“Thank you,” said a visibly thrilled Bong Joon-ho. “I will drink until next morning.”
And he had every right to celebrate—his movie Parasite had just become the first foreign language film to ever win the Oscar for Best
Picture. In fact, Joon-ho kind of swept the whole night, taking home several
more little gold statues for Best Original Screenplay, Best Foreign Language
Film, and Best Director.
It cannot be overstated how important this is to the film industry. Sure, the Oscars themselves are meaningless awards that rich, pretty people give to each other in exchange for freebies and expensive gifts, but these big wins for Parasite signal a major change.
Parasite Wins Signal a Shift in the Wind
First of all, it’s unlikely that the movie’s production company NEON was able to out-swag the likes of other Best Pic nominee backers like 20th Century Fox and Universal, meaning that the Academy members voted for Parasite because they genuinely thought it was the best. They typically would have traded their votes for iPads and fancy watches.
This indicates that maybe—just maybe—the American
audience is maturing to the point where an entirely subtitled film with zero
white people in it at all can find a wide viewership. There are some rather big
implications to this.
Production companies are going to scour foreign lands for the next Bong Joon-ho.
It means not only that audiences are willing to expose themselves to a wider range of movies, but that a more diverse range of filmmakers and films will be getting green lit in the future. Production companies are going to scour foreign lands for the next Bong Joon-ho. They’re going to look twice at movies they never would have looked at once in the past—movies made with subtitles, with complex plots, with non-white casts. In other words, they’re going to be more open to backing films that don’t fit the traditional mold.
There were an awful lot of “safe” movies on the list of nominees (I’m looking at you, Ford v Ferrari, undoubtedly the worst of the night—don’t @ me bro), and the lack of diversity has been well-documented. But overall, Bong’s success shows promise.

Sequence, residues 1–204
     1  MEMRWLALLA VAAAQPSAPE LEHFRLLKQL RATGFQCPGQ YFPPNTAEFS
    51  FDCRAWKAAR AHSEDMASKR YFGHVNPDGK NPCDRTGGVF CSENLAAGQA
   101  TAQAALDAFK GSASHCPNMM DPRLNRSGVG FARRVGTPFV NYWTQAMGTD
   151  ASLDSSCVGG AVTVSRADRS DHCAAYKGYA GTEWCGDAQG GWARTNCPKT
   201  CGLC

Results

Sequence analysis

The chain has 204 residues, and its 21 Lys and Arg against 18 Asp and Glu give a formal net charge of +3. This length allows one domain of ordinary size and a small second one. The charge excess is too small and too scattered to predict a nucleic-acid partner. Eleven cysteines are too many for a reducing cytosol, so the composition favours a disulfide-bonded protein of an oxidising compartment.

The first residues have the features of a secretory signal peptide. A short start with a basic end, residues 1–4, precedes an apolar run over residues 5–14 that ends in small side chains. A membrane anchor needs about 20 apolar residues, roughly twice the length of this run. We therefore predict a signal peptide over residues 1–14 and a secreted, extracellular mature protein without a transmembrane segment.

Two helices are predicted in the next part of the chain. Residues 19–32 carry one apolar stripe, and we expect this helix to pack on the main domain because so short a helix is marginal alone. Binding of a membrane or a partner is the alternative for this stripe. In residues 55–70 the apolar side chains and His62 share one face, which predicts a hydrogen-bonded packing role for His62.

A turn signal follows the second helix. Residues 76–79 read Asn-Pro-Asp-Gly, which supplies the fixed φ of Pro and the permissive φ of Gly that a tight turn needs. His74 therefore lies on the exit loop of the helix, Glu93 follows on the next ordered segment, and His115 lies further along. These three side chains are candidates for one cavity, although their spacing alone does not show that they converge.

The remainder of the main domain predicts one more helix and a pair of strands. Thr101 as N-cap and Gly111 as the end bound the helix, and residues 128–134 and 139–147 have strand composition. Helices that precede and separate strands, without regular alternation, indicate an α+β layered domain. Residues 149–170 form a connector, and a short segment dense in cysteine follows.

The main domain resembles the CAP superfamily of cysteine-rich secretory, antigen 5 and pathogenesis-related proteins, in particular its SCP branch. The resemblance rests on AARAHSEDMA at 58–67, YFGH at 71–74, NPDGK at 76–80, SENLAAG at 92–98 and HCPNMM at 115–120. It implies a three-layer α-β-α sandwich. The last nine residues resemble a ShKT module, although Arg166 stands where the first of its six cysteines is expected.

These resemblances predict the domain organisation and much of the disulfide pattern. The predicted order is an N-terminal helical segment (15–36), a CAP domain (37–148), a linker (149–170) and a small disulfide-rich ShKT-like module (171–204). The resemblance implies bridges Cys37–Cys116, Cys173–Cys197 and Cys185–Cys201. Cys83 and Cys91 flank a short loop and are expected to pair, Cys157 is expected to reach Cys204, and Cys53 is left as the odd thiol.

The Other Oscar Winners (and Losers)
It’s frankly amazing that the Best Picture didn’t go to a “safe” choice like The Irishman or 1917. In fact, it’s rather surprising that the latter of these (widely considered the frontrunner in most categories) was largely overlooked with the exception of a few technical awards, while the former was denied altogether.
All the acting awards were somewhat predictable but well-deserved. Laura Dern and Brad Pitt both garnered Best Supporting statues, firsts for both in long and outstanding careers, while Renee Zellweger and Joaquin Phoenix both won the Best Leading recognition that was expected of them. As I mentioned in my Oscar nom piece, I would have rather seen the Bests for leading actor and actress go to Adam Driver and Scarlett Johansson for their work in Marriage Story, but while I haven’t seen Judy and therefore can’t comment on Zellweger’s performance in it, Phoenix’s recognition was certainly warranted.
In any other year a meticulously crafted Tarantino love-letter to Old Hollywood would have been the major contender…
The fact that Tarantino’s outstanding Once Upon a Time in
Hollywood won so little recognition (a much-deserved Best Production Design
in addition to Pitt’s Best Supporting Actor) goes to show how stacked this year
was with great films. In any other year a meticulously crafted Tarantino
love-letter to Old Hollywood would have been the major contender, but this year
it had substantial competition and no one much expected it to get any of the
Again, I’m rather surprised that 1917 didn’t get more
of the top prizes. Personally I thought it was good but overrated, but there
was a lot of buzz around it after it slaughtered at the BAFTAs, so it seems
that the Academy saw through the one-shot spectacle.
But the most surprising snub went to Martin Scorsese’s The Irishman, which went home empty handed. It’s not hard to see why. Like Tarantino’s entry, it was up against arguably “better” films in every category. But as it serves as something of a swan song from one of cinema’s greatest names, I would have expected it to get something. While Bong Joon-ho’s Best Director win was certainly warranted, it would not have been a huge upset to see that one go to Marty.
And its almost universal recognition as such is exciting,
because it likely means that we’re going to have the opportunity to see a whole
lot of quality films that wouldn’t have been made or at least widely